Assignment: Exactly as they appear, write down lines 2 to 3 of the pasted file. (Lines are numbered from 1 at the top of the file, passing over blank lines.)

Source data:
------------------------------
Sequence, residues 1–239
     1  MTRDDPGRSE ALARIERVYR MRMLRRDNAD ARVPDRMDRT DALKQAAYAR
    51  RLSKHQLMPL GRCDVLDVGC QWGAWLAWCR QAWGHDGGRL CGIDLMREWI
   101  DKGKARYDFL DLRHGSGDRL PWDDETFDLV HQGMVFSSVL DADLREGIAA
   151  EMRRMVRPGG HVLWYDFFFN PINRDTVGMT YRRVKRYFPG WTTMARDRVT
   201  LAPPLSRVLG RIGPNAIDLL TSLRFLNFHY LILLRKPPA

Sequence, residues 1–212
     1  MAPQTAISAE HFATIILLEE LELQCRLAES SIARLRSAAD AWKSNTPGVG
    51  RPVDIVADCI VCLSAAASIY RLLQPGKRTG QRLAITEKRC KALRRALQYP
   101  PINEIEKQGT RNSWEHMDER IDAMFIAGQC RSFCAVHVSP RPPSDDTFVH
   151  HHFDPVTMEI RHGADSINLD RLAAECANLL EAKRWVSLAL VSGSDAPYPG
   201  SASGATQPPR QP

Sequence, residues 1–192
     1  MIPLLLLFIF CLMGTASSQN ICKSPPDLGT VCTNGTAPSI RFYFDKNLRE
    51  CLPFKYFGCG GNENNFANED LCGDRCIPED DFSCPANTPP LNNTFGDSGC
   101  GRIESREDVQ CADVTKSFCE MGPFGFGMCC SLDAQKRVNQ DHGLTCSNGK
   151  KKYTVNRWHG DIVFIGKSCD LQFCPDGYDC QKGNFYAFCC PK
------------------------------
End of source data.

     1  MTRDDPGRSE ALARIERVYR MRMLRRDNAD ARVPDRMDRT DALKQAAYAR
    51  RLSKHQLMPL GRCDVLDVGC QWGAWLAWCR QAWGHDGGRL CGIDLMREWI